Court blocks U.S. EPA from delaying methane leak rules | July 10, 2017 Issue - Vol. 95 Issue 28 | Chemical & Engineering News
Volume 95 Issue 28 | p. 18 | News of The Week
Issue Date: July 10, 2017 | Web Date: July 7, 2017

Court blocks U.S. EPA from delaying methane leak rules

Trump Administration had put Obama’s emission regulations on hold
By Jeff Johnson
Department: Government & Policy
News Channels: Environmental SCENE, Environmental SCENE
Keywords: greenhouse gases, methane, oil and natural gas, EPA, legal case

A federal appeals court has nixed the U.S. Environmental Protection Agency’s attempt to delay implementation of regulations to reduce methane leaks from oil and natural gas drilling and production.

Those Obama Administration regulations were years in preparation and apply only to new and modified oil and gas facilities. When they went into effect in August 2016, they were the first-ever federal regulations to reduce methane from this sector. They would capture some 460,000 metric tons of methane, a potent greenhouse gas, by 2025, EPA said last year. They do not apply to existing facilities, which number in the hundreds of thousands.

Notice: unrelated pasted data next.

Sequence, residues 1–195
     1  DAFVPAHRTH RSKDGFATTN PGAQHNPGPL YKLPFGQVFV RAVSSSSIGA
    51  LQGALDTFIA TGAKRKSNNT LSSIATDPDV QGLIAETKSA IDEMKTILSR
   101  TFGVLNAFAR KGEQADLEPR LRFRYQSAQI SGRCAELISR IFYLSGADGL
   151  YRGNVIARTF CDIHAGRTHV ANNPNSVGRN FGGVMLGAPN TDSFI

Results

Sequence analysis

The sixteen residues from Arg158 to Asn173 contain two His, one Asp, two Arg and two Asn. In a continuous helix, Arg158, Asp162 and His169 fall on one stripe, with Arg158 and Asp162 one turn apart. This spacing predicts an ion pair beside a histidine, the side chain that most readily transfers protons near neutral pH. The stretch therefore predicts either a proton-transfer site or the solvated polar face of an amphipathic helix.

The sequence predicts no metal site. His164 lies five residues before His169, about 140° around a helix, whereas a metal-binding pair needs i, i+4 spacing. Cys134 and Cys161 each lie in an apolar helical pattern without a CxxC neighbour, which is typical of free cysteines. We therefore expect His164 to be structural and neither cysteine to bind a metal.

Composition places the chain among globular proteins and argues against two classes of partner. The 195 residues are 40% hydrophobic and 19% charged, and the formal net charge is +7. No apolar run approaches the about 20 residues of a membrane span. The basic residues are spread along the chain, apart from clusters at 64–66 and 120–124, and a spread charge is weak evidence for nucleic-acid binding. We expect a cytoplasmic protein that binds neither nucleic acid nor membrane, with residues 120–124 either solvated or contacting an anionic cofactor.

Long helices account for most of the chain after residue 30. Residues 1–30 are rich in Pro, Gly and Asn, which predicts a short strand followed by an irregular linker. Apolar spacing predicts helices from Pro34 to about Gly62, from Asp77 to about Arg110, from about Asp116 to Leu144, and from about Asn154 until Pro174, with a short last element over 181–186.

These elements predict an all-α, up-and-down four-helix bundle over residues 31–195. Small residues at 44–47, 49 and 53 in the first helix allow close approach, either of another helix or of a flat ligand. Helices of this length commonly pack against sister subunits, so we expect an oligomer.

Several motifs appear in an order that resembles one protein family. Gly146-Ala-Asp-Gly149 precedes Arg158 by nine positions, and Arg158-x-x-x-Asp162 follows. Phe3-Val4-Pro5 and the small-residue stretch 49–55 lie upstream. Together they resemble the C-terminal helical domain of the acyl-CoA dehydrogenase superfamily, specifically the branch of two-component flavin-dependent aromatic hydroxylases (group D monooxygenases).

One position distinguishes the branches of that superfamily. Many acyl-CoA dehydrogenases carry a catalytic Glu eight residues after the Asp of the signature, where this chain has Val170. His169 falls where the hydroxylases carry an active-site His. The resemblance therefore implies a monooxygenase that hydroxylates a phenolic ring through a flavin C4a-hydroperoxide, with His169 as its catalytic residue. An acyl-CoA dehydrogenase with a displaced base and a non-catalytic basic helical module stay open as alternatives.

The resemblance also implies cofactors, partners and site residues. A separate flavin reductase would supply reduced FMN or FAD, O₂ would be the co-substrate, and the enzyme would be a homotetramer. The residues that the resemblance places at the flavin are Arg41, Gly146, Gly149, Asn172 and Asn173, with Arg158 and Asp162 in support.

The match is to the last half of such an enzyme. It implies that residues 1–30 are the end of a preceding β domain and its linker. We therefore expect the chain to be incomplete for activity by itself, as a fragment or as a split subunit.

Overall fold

The Trump Administration in March called for a reexamination of these and other energy-related regulations. In April, after complaints from oil and gas producers, EPA Administrator Scott Pruitt granted a 90-day delay to reconsider specific provisions of the methane rules. In June, Pruitt extended the delay for two years while EPA reconsiders the regulations in their entirety.

The court, agreeing with environmental groups that challenged EPA’s move, voided the delay on July 3, calling it “arbitrary, capricious, [and] in excess of statutory … authority.” The administrative record makes clear that EPA provided ample opportunities for the public to comment while the agency crafted the regulations, the court found. Putting them on hold during reconsideration is unnecessary, it said.

The court stressed that nothing in its opinion limits EPA’s authority to reconsider the rules and proceed with formal development of new methane leak regulations.

 
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